Back to Florida’s attorney general. In a case called McCall v the United States the Florida Supreme Court has already ruled the non-economic damage caps are unconstitutional for the wrongful death of someone caused by medical malpractice.

In a new case, Susan Kalitan v North Broward Hospital District, the Court of Appeals found the caps on damages were also unconstitutional in a case where the defendant health care providers had only severely injured the plaintiff, but had not killed the plaintiff.

Why unconstitutional? Well, some injured people can collect ALL their damages if they were not injured too badly and others, more severely injured people, are capped for the amount of damages they can collect.

Now, about the insurance crisis. One of the arguments our attorney general uses in supporting a cap on damages is a “proof in the pudding” argument that more companies came into Florida’s market to offer malpractice insurance after the 2003 tort reforms. The attorney general ignores that the financial investment market improved greatly after 2003 and it is the investment market that drives the insurance industry, not premiums earned.

Interestingly, our attorney general does not address who pays for the care of significantly injured medical malpractice victims. If you cap their damages and inhibit their ability to even file a lawsuit, let alone collect the full measure of their damages, when the injured person runs short of money to care for themselves, who pays? Tax payers pay. You and I pay.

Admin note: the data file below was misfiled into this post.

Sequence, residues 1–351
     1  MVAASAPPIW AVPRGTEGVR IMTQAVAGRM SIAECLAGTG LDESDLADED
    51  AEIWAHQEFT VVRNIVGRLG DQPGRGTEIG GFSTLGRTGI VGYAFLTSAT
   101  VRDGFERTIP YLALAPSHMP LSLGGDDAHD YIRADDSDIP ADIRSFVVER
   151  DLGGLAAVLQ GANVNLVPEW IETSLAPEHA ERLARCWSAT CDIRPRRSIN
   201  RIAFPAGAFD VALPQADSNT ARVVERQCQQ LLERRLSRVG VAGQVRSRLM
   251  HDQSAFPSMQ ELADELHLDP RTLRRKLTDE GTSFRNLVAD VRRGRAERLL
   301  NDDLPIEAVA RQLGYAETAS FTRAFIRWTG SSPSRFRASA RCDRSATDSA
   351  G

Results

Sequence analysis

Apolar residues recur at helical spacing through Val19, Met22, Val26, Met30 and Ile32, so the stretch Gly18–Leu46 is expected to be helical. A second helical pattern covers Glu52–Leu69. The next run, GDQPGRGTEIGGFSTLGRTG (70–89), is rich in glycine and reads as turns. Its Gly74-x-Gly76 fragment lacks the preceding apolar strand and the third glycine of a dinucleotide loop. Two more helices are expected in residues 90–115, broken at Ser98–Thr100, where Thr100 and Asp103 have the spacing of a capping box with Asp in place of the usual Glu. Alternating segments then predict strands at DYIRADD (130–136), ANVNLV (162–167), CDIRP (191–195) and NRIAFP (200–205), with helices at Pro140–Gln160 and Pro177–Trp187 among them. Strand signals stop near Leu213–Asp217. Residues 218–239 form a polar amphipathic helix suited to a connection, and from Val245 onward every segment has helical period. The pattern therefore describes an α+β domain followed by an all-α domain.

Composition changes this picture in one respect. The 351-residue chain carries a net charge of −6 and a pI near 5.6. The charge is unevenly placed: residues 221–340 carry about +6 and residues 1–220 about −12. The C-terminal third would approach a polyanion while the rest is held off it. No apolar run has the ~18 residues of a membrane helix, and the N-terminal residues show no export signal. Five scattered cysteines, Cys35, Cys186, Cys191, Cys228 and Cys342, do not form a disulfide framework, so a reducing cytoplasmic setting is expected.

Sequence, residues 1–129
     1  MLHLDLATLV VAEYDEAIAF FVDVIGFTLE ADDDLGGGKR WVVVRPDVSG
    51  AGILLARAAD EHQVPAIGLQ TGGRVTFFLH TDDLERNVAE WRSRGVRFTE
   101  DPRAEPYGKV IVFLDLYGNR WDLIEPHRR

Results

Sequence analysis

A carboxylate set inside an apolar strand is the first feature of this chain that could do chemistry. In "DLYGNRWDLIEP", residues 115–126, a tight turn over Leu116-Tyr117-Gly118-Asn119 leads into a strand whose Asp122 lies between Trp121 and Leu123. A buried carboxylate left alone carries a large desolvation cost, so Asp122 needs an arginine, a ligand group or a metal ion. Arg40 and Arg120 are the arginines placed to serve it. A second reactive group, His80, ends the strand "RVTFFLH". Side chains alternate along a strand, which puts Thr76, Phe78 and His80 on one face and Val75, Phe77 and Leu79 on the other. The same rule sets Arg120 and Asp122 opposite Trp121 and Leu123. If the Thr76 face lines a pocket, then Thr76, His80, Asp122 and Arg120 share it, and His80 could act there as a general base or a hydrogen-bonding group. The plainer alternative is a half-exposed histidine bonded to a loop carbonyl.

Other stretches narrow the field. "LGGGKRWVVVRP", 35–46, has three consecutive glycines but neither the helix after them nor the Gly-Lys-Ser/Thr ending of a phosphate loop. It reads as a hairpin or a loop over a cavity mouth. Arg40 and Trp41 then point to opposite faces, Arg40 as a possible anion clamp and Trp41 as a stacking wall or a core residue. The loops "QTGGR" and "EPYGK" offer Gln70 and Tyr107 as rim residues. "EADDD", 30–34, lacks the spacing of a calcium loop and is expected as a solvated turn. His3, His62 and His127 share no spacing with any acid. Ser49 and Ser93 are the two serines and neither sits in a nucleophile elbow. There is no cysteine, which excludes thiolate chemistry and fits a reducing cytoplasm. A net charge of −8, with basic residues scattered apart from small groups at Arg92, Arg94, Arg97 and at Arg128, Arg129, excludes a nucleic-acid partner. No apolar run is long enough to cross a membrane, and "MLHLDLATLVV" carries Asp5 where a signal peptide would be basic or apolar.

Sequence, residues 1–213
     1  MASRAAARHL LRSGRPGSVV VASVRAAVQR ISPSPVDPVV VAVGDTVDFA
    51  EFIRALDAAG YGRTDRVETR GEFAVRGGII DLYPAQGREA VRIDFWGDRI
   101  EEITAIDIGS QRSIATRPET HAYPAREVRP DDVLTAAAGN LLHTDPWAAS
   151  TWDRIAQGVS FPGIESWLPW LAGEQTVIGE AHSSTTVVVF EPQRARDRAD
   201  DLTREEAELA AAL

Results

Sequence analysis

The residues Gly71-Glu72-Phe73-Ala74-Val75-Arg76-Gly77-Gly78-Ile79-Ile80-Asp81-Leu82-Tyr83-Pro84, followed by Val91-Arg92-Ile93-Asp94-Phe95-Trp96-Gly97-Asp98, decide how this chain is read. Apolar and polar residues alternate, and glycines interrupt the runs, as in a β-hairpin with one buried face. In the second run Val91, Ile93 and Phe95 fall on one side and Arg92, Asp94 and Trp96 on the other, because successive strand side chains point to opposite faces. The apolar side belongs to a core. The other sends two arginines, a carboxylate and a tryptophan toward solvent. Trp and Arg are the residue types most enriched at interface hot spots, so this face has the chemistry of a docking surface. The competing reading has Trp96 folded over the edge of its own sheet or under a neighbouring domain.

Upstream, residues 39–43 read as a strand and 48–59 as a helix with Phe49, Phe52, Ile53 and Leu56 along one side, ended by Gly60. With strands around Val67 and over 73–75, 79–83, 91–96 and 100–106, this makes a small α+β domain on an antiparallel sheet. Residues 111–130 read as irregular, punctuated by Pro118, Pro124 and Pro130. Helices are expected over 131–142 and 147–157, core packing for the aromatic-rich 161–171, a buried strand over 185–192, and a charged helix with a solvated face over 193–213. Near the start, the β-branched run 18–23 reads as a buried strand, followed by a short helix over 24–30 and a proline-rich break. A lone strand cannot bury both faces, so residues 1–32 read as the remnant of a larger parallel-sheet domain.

Whom should we blame for this unfair shifting of responsibility? The party who caused the injury and the need for care was protected from paying their full share. Is that fair? Of course not and to over simplify what the attorney general knows to be fact is wrong.

Is it fair to impose specific laws in the face of even a real insurance crisis?

  • Sure, if you analyze that a crisis actually exists. And, it did not.
  • You analyze what is actually causing the problem. Is it a less than optimal investment environment? A failure by insurance companies to properly police their own finances? This was not done at the time.
  • You make sure the law you pass applies equally to all classes of citizens and does not unfairly punish those who most need the relief. This law does not fairly apply to all citizens.
  • You create a future analysis for when the alleged crisis has been relieved to examine whether a denial of our constitutional rights continues to be necessary in the best interests of insurance companies. This law does not provide for this.

The fact is if you have never been injured by the negligence of someone else, you believe, understandably, that it will not happen to you.

When thinking about refusing citizens their right to receive a jury’s full verdict of their damages, pretend it is your loved one. Think about how you would feel if mistakes were made (negligence) and your loved one is paralyzed for the remainder of their lives. Consider how you would want them to live. Would you want them to be given the bare minimum of care or would you want them to get good care and be able to pay for it themselves? Would you want them to receive a full measure of their damages?

If it were your loved one, would you want them to be abandoned by the law in favor of the best interests of insurance companies and those who caused the injuries to your loved one?